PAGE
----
"Me first!"

"I've got shotgun!"

"Looking out for number one!"

These catchphrases reveal two aspects of human nature:

  1. Our chronic self-absorption.
  2. Our focus on the immediate.

But because we spend most of our lives living for today, with ourselves at the center, our prospects for a secure retirement are dim.

Mother Nature and our brains
Forbes recently reported on some preliminary research from the Stanford Center on Longevity that has stunning implications for retirement planning. Based on functional magnetic resonance imaging (fMRI), researchers discovered that when "people are asked to imagine themselves in retirement, the parts of their brains that usually 'light up' when they think about themselves don't light up at all. It's as if they were thinking about a stranger."

In other words, you're incapable of planning for retirement because you can't even see yourself there.

My personal theory is that this blind spot about our future selves is a relic from our biological past. During the Stone Age, average life spans didn't extend beyond the child-rearing years. There was no need to comprehend a future self. After all, the allure of retirement planning can't quite match those pressing needs of food, shelter, safety, and reproduction.

The more things change ...
Unfortunately, a 2007 survey shows that baby boomers haven't progressed too far from that Stone Age point of view. Some 61% have less than $150,000 in savings, and an astonishing 28% have less than $10,000.

But the first wave of boomers could have made money hand over fist simply by investing in the world around them. They were surrounded by solid winners.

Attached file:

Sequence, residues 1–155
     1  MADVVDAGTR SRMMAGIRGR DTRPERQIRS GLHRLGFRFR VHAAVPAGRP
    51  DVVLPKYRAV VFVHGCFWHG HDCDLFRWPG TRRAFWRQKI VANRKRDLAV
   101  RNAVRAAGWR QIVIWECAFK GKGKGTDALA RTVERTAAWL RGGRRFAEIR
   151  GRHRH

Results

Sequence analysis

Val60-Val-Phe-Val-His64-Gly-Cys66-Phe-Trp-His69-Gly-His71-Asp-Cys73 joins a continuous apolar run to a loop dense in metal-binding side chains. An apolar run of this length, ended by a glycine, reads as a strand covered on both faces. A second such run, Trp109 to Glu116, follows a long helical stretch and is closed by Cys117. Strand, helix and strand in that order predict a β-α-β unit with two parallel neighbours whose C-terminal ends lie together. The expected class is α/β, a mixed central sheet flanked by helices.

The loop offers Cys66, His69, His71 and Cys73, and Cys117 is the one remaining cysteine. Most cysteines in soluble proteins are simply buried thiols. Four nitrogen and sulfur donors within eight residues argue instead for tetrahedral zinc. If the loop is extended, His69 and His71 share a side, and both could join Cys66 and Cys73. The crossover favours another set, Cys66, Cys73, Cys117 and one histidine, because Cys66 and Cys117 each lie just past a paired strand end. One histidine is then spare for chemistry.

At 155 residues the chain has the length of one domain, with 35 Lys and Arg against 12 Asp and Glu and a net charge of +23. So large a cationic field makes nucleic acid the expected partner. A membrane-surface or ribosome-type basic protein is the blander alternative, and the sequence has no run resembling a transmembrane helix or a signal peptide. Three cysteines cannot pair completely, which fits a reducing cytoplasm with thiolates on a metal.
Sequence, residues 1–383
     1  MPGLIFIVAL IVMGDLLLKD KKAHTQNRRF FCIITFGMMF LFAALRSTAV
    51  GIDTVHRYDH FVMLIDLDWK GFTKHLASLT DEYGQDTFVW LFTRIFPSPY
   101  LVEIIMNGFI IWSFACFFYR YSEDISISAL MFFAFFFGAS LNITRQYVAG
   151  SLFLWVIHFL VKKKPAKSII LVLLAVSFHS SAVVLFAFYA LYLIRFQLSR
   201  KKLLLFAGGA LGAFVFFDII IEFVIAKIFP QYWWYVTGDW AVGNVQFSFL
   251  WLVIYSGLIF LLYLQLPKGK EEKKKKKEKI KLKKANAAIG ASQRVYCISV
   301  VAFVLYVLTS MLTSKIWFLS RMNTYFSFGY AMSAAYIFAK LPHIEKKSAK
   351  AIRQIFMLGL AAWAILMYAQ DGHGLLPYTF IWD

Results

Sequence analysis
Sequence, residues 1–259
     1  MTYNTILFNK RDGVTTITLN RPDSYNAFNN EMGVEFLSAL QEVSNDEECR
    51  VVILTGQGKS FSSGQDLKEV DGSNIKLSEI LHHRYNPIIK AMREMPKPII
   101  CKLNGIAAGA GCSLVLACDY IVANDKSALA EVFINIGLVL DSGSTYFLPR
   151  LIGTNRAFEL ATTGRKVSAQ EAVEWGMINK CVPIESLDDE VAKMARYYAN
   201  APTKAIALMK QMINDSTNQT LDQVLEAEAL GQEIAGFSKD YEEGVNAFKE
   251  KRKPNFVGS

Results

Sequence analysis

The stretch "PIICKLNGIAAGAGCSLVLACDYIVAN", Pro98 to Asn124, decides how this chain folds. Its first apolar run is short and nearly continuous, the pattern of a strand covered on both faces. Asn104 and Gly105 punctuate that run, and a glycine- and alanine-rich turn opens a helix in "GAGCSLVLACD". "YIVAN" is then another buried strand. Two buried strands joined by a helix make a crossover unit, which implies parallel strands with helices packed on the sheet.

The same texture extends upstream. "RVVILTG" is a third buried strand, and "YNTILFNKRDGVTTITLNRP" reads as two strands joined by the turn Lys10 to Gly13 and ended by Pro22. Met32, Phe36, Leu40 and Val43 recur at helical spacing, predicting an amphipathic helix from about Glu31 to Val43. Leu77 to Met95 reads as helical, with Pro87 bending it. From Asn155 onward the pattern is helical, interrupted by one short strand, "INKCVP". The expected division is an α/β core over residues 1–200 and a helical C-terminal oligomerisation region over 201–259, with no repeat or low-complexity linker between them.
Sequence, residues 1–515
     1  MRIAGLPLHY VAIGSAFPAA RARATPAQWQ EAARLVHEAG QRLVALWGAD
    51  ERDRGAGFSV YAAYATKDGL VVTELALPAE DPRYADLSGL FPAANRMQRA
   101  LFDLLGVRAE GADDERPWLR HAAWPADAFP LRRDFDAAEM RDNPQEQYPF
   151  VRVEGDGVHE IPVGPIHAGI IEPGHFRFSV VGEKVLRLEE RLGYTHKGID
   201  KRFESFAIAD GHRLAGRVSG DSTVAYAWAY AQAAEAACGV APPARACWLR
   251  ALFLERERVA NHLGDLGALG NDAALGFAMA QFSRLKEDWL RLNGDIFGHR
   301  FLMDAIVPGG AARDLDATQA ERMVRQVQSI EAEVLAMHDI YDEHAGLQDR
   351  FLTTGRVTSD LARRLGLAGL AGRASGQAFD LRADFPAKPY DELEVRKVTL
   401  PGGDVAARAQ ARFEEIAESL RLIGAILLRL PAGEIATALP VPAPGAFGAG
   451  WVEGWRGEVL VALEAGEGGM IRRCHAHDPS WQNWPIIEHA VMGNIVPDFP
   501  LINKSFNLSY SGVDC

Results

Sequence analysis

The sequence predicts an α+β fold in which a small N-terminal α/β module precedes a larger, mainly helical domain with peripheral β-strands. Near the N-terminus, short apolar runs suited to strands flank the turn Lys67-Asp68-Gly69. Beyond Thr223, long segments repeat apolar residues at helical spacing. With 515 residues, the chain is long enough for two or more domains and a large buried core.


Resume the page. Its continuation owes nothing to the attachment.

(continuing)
Consider the boomer household in 1976, 30 years after the onset of this demographic explosion. Baby boomers loved their General Electric (NYSE:GE) appliances and filled their cabinets with products from Procter & Gamble (NYSE:PG) and Johnson & Johnson (NYSE:JNJ). They stopped by the Exxon station (today's ExxonMobil (NYSE:XOM)) on the way to McDonald's (NYSE:MCD). Philip Morris' Marlboro Man (today's Altria Group (NYSE:MO)) was fast becoming an icon for the world's most popular cigarette.

If stock picking was too daunting for our boomer household, there was another option: In 1976, Vanguard launched its S&P 500 index fund to track the market at large.

Boomer Stock Picks

Return since 1/2/1976

$1,000 Becomes







General Electric



Johnson & Johnson






Procter & Gamble



Performance gains from Yahoo! Finance through 12/7/2007.

Unfortunately, as we now know, too few boomers were willing to invest money for that distant stranger -- the elder self.

Digital imagery to the rescue?
Hindsight, of course, is 20/20, but the Stanford Center on Longevity is working to help more folks extend their sense of self beyond the present. For example, Hal Ersner-Hershfield, a graduate student and researcher at the center, and communications professor Jeremy Bailenson found that people who interacted with a digitally aged picture of themselves allocated twice as much money to retirement after being given $1,000 to spend or invest.

While only 30 people have been tested thus far, it's a fascinating breakthrough in a longstanding problem.

In the meantime
If you know you should be saving more for retirement, but can't bring yourself to get started, consider joining our Motley Fool Rule Your Retirement service. It's a treasure trove of retirement advice, planning tools, and a dozen friendly member-only discussion boards that offer information on all aspects of retirement planning.

Click here to join free for 30 days. There is no obligation to subscribe.

Fool contributor Doug Short (TMFDoug) is available to answer questions on the Rule Your Retirement discussion boards. He does not own shares of any company mentioned. Johnson & Johnson is an Income Investor recommendation. The Motley Fool has a disclosure policy.